There are a variety of different methods that we can use to better understand what this landscape would have looked like in the 4th and 3rd Millennia BCE. Some of this evidence is archaeological—scholars have estimated maximum Nile heights based on the presence or absence of remains at archaeological sites like Elephantine (Seidlmayer 2001). Furthermore, excavations at Aswan/Syene have allowed scholars to estimate the edge of floodplain during the Old Kingdom (von Pilgrim et al. 2011). Test drillings can help to estimate the changing course of the Nile, and the areas that were part of the ancient floodplain in particular periods.

Additionally, we can turn to historical maps, current satellite images, and historical photography to supplement this data. For example, the dotted lines on these Soviet maps give some idea of desert routes or wells.

This image shows certain desert tracks noted by Soviet topographers. It is difficult to see, but the blue letters in the bottom left of the image mention a well!

Aerial photos and satellite imagery can show areas affected by the Aswan High Dam prior to flooding. These CORONA spy satellite photos help to show the extent to which things have changed!

Declassified CORONA images were originally taken as part of Cold War era reconnaissance missions. They are invaluable tools that provide views of landscapes that have often changed dramatically over the past half century as populations have expanded and improved irrigation techniques have expanded arable land.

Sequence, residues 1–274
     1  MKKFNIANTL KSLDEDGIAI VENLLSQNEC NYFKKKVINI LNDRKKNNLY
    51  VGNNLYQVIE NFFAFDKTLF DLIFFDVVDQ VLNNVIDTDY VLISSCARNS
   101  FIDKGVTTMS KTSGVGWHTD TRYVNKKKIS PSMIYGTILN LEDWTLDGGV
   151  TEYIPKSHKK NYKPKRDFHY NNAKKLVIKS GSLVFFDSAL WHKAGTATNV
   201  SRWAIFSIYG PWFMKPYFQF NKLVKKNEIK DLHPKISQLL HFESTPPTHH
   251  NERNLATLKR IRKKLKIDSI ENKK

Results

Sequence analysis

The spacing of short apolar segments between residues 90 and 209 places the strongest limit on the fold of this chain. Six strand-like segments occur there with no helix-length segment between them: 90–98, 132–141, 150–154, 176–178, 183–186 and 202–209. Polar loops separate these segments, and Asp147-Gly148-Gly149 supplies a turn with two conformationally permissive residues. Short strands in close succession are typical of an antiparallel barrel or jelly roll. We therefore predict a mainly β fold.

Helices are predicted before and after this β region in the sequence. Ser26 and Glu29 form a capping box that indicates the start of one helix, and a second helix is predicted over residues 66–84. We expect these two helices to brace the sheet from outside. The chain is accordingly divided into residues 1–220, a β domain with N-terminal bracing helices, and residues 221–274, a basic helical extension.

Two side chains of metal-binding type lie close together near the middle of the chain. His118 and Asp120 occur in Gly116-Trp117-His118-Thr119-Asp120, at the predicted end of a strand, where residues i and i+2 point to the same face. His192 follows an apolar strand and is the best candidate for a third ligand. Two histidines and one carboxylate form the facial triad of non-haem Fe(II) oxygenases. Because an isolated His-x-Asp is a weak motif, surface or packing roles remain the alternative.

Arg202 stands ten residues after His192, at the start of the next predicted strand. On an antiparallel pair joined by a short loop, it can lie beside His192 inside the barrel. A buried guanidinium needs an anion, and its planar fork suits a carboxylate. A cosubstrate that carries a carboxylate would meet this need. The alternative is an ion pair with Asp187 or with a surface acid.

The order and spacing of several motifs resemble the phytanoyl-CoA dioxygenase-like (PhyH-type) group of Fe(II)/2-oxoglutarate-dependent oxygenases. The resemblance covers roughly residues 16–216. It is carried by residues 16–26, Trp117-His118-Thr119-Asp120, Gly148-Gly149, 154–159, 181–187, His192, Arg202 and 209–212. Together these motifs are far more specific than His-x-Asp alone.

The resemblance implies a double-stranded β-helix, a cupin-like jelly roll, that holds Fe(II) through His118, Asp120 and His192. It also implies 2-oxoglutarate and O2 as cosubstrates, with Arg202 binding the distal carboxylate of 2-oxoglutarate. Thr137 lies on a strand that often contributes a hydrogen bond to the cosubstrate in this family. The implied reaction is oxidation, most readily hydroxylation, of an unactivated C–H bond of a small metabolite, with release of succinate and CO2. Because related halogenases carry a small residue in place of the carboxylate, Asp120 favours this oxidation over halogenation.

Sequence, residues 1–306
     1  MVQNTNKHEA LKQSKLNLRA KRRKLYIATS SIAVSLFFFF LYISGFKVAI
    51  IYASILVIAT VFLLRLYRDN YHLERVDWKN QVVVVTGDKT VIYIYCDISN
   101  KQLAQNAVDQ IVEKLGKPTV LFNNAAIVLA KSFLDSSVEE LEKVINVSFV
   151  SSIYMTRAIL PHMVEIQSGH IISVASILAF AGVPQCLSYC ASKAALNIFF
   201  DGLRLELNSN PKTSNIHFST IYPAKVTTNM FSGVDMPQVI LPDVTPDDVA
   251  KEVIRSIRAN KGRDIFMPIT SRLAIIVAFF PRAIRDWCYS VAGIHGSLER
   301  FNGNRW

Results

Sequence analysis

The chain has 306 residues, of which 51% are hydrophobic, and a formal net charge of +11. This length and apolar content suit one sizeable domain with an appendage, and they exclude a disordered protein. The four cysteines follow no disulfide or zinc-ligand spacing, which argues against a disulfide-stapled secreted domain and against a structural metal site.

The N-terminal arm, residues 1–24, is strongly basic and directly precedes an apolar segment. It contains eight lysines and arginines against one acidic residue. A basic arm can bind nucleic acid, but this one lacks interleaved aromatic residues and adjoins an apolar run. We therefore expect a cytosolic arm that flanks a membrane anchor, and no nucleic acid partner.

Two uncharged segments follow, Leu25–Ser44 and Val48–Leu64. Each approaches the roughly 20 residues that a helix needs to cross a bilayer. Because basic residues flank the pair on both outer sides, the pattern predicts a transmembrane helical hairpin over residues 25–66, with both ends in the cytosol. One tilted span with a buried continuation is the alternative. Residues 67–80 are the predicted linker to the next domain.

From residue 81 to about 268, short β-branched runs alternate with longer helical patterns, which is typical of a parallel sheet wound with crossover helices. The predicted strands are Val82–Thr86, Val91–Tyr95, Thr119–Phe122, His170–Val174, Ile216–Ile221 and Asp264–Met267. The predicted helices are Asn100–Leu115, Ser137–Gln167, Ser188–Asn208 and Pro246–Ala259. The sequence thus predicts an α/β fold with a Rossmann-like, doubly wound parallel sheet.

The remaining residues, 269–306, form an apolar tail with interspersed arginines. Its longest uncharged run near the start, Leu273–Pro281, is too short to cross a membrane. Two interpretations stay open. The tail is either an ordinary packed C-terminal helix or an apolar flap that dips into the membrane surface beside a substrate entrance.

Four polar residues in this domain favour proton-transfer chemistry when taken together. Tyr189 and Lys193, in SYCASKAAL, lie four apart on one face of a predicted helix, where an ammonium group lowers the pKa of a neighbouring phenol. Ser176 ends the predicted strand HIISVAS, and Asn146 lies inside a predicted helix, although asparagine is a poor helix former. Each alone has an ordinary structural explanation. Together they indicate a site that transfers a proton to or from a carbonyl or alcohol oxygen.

Finally, current satellite imagery is quite useful for understanding parts of the landscape that have not changed as radically. The Sahara might be drier and sandier nowadays, but there isn’t a reason to suspect that human activity has changed the location or heights of many of these desert cliffs or pathways. Sometimes, one can even identify archaeological features like game drives—low walls that most archaeologists think were used to herd and trap gazelles and other animals (Storemyr 2011). In other places, it is possible to see clear places where there was an ancient island or pathways/roads through fields (the technical term for these pathways are “hollow ways”).

The low stone walls of game drives can be difficult to spot, and their precise functions and date of construction are still debated by archaeologists today.

Ultimately, reconstructing the ancient landscape is a process that involves balancing a variety of different kinds of data. Next week, we will give a quick preview of some of the different kinds of spatial analysis we hope to perform, and what kinds of questions they can answer about the ancient landscape!

References

Seidlmayer, S. Historische und moderne Nilstände. Berlin: Achet Verlag, 2001.

Storemyr, P. “The ancient stone-built game traps at Gharb Aswan and Beyond, Lower Nubia and Upper Egypt.” Sahara 22 (2011): 15-28.

Von Pilgrim, C., W. Müller, and L. Werlen. “The Town of Syene: Report on the 8th Season in Aswan.” MDAIK 67 (2011): 125-161.  

One Comment

  1. Maria Emilia

    Well done, thanks